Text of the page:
Religion, Politics a Potent Mix for Jerry Falwell

NPR/June 30, 2006
By Steven Inskeep

The Rev. Jerry Falwell marks a milestone this weekend. He opens a new church building -- 50 years after he attracted his first few dozen followers.

The new church, with 1 million square feet of floor space, has seats for 6,000.

The man who will appear on the Lynchburgh, Va., church's giant TV screens has televised his services for decades. Within weeks of opening the original Thomas Road Baptist Church in 1956, Falwell notes that he was broadcasting on the radio, and shortly after that on television.

Today, Falwell introduces programs from a TV studio at Liberty University. He founded the conservative Christian school, which houses the Jerry Falwell Museum. It also has an ice rink paid for by Tim LaHaye, best-selling author of the apocalyptic Left Behind novels.

Presidential contenders make pilgrimages here. Sen. John McCain (R-AZ) recently gave a commencement address at the university.

"I was taught in Bible college, religion and politics don't mix," Falwell says.

He influenced many ministers to ignore that teaching in the 1970s. He led the Moral Majority, which made abortion a major issue, and claimed credit for electing President Ronald Reagan.

Falwell backs President Bush, even though Republicans haven't delivered on issues like a ban on gay marriage.

"I'm well aware of the pragmatism of politics. There are times when [the president] has to step back, purely for survival reasons," Falwell says.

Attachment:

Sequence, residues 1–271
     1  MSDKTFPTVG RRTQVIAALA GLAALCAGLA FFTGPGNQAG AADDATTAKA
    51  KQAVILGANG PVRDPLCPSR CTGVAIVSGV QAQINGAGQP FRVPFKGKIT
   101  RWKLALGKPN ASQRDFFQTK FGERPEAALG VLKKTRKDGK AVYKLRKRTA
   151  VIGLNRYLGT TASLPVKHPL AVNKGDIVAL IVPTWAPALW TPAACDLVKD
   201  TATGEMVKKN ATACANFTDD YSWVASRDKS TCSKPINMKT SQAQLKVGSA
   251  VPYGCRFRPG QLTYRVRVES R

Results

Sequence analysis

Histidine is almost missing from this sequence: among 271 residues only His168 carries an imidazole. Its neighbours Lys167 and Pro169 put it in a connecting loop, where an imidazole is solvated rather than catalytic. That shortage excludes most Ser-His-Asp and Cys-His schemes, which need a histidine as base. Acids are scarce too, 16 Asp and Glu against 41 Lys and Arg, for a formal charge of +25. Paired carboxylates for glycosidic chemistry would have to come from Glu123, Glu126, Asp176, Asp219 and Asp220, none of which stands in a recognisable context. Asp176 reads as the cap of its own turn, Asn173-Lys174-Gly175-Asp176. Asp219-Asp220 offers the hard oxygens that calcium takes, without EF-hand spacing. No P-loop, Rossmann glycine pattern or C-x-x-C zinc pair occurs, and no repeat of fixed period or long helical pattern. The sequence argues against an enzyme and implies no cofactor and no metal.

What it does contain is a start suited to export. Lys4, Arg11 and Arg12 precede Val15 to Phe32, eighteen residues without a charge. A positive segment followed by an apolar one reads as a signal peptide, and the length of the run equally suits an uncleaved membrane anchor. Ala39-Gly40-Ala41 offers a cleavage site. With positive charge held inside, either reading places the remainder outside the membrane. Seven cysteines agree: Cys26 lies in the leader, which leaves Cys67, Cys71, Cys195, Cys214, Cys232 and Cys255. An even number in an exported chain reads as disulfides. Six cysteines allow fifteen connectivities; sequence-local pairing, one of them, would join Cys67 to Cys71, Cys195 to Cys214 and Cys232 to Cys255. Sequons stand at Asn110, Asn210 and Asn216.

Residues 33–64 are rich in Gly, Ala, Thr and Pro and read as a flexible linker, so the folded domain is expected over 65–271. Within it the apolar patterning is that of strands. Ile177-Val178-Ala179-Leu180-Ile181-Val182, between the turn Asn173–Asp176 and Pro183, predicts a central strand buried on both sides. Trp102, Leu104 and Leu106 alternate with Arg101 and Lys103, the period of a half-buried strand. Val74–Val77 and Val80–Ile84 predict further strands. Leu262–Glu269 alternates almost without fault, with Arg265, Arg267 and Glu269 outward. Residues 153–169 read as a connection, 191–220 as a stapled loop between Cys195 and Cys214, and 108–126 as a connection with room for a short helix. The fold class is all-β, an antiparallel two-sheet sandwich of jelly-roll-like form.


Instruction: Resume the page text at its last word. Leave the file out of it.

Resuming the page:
Falwell adds that White House officials often call him to explain what they're doing. And he calls them to speak his mind.

"Whenever it's a major problem, and I think we are being misled, I pick up the phone and I call whoever I need to call and take care of it," he says.

Falwell is asked why many Americans, and evangelicals, have become frustrated with President Bush.

"Well, whoever is sitting in the White House, especially in their second term, when gas goes up to $3 a gallon, and Katrina, and whenever we're at war, that person sitting in the White House gets the brunt of the accusations," Falwell says.

Shortly after the Sept. 11, 2001, attacks, Falwell said gays, abortionists, the American Civil Liberties Union and other groups shared the blame for the attacks.

Falwell was criticized for those remarks, and for calling the United States a Christian nation, and for saying the devil is Jewish.

His newspaper suggested that a character in the children's program Teletubbies, was gay, a statement Falwell disowns.

"But I've had hundreds of little Tinky Winky dolls mailed to me from all over the world and given to all my grandchildren and their friends, and I've populated Lynchburg with Tinky Winkies," Falwell says. "But that's the only benefit I've gotten from that."

Mel White spent many hours with the minister while ghostwriting his autobiography.

"Jerry Falwell is a person you like immediately, up close and personal," White says. "He doesn't take himself seriously. He enjoys life. And even while he says some of the meanest things, it's hard to not like him."

White recalls when Falwell was accosted by gay protesters.

"Jerry grinned and said to me, 'Thank God for these gay demonstrators. If I didn't have them, I'd have to invent them. They give me all the publicity I need.'"

Years later, White became one of those gay protesters. Falwell's ghostwriter came out of the closet, and moved to Lynchburg, Va. He attends Falwell's church, and stands in silent protest if Falwell attacks gays.

"I believe Jerry Falwell will change and I believe it'll be in my lifetime," White says. "And if he doesn't change, I'm gonna die trying."